We surprisingly observe the very easy strategy that can balance these two conditions statistically better is by using structured dropping regions, such as deleting uniformly distributed square regions. Our proposed information removal method, named GridMask,

Large deep neural networks are powerful, but exhibit undesirable behaviors such as memorization and sensitivity to adversarial examples. In this work, we propose mixup, a simple learning principle to alleviate these issues. In essence, mixup trains a neural network on convex combinations of pairs of examples and their labels. By doing so, mixup regularizes the neural network to favor simple linear behavior in-between training examples. We also find that mixup reduces the memorization of corrupt labels, increases the robustness to adversarial examples, and stabilizes the training of generative adversarial networks.

6. CutMix: Regularization Strategy to Train Strong Classifiers with Localizable Features
Current methods for regional dropout remove informative pixels on training images by overlaying a patch of either black pixels or random noise. Such removal is not desirable because it leads to information loss and inefficiency during training. We therefore propose the CutMix augmentation strategy: patches are cut and pasted among training images where the ground truth labels are also mixed proportionally to the area of the patches. By making efficient use of training pixels and retaining the regularization effect of regional dropout. CutMix improves the model robustness against input corruptions and its out-of-distribution detection performances.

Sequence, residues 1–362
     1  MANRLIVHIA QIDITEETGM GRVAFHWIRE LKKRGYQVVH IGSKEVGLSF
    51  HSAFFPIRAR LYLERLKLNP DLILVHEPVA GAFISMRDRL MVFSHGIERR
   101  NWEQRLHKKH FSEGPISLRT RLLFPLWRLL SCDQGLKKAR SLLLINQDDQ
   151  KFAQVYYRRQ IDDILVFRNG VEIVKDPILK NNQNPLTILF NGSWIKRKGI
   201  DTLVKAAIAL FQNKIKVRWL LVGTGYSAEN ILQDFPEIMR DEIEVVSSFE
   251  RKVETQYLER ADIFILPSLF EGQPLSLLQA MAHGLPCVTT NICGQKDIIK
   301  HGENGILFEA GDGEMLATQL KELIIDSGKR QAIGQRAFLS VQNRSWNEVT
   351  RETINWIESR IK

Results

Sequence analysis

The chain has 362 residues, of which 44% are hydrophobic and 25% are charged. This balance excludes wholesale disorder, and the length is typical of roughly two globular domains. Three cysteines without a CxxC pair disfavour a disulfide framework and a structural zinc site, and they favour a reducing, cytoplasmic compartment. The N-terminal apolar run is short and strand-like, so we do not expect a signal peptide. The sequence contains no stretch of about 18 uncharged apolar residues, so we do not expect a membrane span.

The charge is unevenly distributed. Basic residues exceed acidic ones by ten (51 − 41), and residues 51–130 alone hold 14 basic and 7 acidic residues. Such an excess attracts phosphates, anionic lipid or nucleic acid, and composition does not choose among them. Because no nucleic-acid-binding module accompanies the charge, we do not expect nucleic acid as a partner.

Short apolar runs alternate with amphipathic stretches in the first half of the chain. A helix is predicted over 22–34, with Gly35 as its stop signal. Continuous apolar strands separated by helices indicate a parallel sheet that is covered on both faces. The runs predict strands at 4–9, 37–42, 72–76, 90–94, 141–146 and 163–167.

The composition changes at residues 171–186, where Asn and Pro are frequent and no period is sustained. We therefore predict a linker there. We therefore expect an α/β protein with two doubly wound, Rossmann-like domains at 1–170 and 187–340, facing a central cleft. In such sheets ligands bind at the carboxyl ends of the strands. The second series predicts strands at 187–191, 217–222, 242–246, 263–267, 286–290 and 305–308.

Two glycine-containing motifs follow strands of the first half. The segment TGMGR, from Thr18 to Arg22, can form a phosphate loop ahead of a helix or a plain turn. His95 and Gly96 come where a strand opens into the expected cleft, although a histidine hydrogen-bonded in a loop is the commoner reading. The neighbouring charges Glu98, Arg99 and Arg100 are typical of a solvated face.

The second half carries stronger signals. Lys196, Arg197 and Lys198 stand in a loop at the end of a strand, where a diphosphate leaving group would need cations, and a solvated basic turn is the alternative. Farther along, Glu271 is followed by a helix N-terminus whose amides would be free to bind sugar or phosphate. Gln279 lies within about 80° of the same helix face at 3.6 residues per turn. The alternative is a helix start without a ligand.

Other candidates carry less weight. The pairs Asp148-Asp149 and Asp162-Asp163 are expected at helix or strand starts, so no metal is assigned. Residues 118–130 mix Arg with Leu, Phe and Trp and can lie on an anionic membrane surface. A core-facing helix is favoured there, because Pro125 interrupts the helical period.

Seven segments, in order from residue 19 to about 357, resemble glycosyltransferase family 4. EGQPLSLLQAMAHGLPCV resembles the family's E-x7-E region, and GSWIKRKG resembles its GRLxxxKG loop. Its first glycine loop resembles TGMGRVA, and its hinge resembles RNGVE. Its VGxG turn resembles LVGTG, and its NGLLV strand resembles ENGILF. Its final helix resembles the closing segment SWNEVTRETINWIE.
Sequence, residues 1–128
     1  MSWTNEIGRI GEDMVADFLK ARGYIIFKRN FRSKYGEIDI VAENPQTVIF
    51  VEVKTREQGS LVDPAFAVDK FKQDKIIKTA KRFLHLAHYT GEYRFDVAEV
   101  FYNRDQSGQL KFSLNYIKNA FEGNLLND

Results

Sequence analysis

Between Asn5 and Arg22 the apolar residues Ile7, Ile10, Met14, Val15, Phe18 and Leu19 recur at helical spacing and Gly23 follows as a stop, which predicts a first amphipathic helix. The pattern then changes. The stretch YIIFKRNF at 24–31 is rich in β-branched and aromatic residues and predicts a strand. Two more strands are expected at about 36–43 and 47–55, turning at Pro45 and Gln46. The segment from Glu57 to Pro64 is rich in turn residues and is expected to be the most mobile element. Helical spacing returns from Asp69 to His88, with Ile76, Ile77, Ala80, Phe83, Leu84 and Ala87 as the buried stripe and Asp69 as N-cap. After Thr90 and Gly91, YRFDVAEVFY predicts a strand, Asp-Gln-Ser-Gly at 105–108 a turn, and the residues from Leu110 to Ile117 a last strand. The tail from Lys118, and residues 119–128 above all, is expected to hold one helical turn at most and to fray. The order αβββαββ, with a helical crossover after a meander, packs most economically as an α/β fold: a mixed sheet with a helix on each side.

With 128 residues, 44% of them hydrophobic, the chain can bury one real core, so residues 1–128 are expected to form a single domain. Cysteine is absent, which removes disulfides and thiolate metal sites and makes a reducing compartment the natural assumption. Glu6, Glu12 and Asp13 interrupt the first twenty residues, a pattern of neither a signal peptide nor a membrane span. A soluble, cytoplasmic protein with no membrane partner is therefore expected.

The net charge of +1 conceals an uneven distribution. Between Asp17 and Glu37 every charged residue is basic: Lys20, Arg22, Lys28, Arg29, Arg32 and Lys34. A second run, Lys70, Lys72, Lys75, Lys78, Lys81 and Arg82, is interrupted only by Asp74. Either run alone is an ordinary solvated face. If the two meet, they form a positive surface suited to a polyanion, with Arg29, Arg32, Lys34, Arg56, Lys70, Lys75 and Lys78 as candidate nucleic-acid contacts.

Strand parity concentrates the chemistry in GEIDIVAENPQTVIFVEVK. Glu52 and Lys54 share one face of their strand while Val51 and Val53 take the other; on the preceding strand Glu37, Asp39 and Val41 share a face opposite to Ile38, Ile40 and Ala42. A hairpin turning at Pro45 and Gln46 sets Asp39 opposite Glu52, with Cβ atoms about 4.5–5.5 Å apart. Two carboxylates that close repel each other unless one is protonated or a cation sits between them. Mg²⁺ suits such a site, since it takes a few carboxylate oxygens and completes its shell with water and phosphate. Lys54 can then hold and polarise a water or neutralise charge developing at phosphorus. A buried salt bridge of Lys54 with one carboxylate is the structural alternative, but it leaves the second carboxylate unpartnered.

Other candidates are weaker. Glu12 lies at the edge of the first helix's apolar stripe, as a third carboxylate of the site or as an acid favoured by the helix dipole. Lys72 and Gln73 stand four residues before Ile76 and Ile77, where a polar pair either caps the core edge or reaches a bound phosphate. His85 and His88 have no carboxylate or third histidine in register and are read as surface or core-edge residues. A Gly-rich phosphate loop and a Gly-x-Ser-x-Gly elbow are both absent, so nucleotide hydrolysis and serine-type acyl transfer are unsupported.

7. Mosaic data augmentation
Mosaic data augmentation combines 4 training images into one in certain ratios (instead of only two in CutMix). Mosaic is the first new data augmentation technique introduced in YOLOv4. This allows for the model to learn how to identify objects at a smaller scale than normal. It also is useful in training to significantly reduce the need for a large mini-batch size.
8. Class label smoothing 
Generally, the correct classification for a bounding box is represented as a one hot vector of classes [0,0,0,1,0,0, ...] and the loss function is calculated based on this representation. However, when a model becomes overly sure with a prediction close to 1.0, it is often wrong, overfit, and over looking the complexities of other predictions in some way. Following this intuition, it is more reasonable to encode the class label representation to value that uncertainty to some degree. Naturally, the authors choose 0.9, so [0,0,0,0.9, 0....] to represent the correct class.